The Arrivals by Meg Mitchell Moore – Book Review

thearrivals pictureThe Arrivals by Meg Mitchell Moore
Published by Reagan Arthur Books, an imprint of Hachette

Ginny and William Owens have been enjoying their quiet house, but they are thrilled when their daughter Lillian brings her young children for a visit. Even so, things don’t seem quite right, with no sign of Lillian’s husband Tom who, Lillian is hiding from everyone, recently cheated on her. Not that there is much chance to dwell, when their son Stephen and his pregnant wife Jane show up unexpectedly and are forced to stay when Jane is ordered to bed rest. As if the house isn’t crowded enough with five adults and two children, the Owens’s youngest child Rachel shows up, her life similarly in tatters.

The Arrivals could have easily been one long pity party, in some ways it was one tragedy piled on top of another. Money problems, infidelity, high-risk pregnancies, all happening to a single family in a single summer. And yet, the love of the family and the way they interacted, together with Meg Mitchell Moore’s gorgeous prose combine to create a cohesive and moving novel.

Certain passages of The Arrivals are just so beautiful and true that they beg to be read, reread, shared:

Thinking about it, her throat caught. She felt embarrassed for herself the way you feel embarrassed for a child who falls down while she’s running toward a playground. So much optimism, dashed. -p. 25

What is particularly admirable about The Arrivals is how so many periods of life were represented so realistically: there is the young family, the expectant family, the empty nesters, the young person unsure where to turn. The characters have some poignant things to say about the bittersweet nature of of parenthood as well:

“But parents these days, it is different, I know it is. There’s a certain level of…dissatisfaction that wasn’t there when I was first a mother. Nobody worried about living up to some absurd ideal. There was no idea. But no, I don’t know. It just seems like you’re all laboring under this belief that you can have it all. I know that sounds like a cliche, but really that’s what it is.” -p. 159

 

After she hung up, Ginny told Lillian that it took every ounce of whatever she had – willpower, fortitude – not to disobey him. She could not stop thinking, she told Lillian, of how he looked on his first day of first grade, waiting at the bus stop with his back curving under his navy blue backpack and his eyes big and scared beneath his baseball cap. Only twice in all of Stephen’s life, said Ginny, had she felt such a need to protect him – that day, and today. -p. 287

The Arrivals is beautifully written, a must read for people in all stages of life, for anyone to whom family is important. Highly recommended.

Buy this book from:
Powells | Indiebound*

Source: Author’s agent.
* These links are all affiliate links. If you buy your book here I’ll make a very small amount of money that goes towards hosting, giveaways, etc.
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9 comments to The Arrivals by Meg Mitchell Moore – Book Review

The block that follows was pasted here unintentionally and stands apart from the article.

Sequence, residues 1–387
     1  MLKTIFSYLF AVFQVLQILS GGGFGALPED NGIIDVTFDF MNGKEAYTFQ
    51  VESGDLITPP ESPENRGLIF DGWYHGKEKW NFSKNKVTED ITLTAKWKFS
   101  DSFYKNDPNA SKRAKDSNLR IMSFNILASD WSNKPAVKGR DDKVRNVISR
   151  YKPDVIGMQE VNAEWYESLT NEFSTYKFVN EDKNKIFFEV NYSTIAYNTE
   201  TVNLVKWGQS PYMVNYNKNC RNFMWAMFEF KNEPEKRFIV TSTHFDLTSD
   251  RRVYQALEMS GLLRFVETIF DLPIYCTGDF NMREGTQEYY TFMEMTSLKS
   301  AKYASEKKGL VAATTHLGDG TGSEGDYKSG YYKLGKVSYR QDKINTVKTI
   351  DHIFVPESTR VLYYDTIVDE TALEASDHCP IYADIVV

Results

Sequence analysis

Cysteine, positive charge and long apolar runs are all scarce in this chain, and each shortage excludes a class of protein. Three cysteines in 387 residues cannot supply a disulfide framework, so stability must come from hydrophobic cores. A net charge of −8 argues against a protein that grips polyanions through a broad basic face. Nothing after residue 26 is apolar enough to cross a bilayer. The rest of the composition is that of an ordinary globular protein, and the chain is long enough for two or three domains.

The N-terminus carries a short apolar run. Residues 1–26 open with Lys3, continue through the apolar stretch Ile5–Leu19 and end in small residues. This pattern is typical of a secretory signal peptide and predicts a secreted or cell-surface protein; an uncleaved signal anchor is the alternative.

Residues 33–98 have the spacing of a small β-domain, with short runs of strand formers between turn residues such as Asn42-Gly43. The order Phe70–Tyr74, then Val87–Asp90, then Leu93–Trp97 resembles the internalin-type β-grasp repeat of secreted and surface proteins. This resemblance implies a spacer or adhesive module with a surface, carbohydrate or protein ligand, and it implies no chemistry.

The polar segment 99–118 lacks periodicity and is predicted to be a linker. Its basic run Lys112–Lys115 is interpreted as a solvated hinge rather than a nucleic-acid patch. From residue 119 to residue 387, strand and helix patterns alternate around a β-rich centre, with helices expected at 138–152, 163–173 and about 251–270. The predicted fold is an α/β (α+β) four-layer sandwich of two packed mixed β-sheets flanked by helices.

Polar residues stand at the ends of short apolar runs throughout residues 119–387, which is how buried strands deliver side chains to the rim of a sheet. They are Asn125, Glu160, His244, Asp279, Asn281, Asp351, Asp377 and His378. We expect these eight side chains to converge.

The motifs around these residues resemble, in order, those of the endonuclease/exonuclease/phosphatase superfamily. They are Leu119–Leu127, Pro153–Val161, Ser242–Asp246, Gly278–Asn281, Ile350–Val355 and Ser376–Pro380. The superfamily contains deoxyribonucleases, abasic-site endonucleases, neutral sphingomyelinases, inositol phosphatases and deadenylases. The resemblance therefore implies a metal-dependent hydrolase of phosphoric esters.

• Kay

    I think the cover of this one is so pretty and I think anyone who has grown children might be interested in this book. Even if you’ve not experienced them “returning to the nest”, it’s easy to imagine. I’m looking forward to reading it.

  • I just saw this one for this first time a couple of days ago. It sounds absolutely wonderful. Everyone is giving it rave reviews. Can’t wait to read it.

  • When I first saw this book, I immediately fell in love with the cover. It’s gorgeous! I then read the description and thought it sounds like a book I will enjoy. I love reading books about family relationships. It’s on my summer reading list.

  • Jen, thank you so much for the wonderful and thoughtful review. A few people have pointed out that playground passage to me as hitting home–so glad to hear you thought so too.

    Best,

    Meg

  • I’m just catching up from being away from almost all things book for about a month…. this book sounds like a great selection. I will be adding this to my list. Thanks for a good review!

  • Judy Knief

    I am just about finished with The Arrivals and it is wonderful. I am thinking, that you certainly nailed how the parents felt. I am a parent of grown children and I love to have them visit, but all those months. And then when the wash machine broke down, I thought, oh no that’s the final straw. I am adding you to my author list. Thanks for the great read.

  • Janet

    I loved this book – read it over the weekend. I do hope it’s not foretelling of my future! lol My kids are college age & currently home.
    I loved how real the characters were and one could relate to them. Will definitely read more by this author!

  • Thank you so much everyone for all of the comments. I am more in the “Lillian” stage of life but best of luck to everyone with empty nests that may or may not be filling up!

  • The Arrivals was my top read in May.

    Being in the “Ginny” stage of life, this line stung my heart because I know exactly how she felt: I’m sixty-three years old. This is what I’ve done with my life. They’re my masterpiece, and they’re broken.

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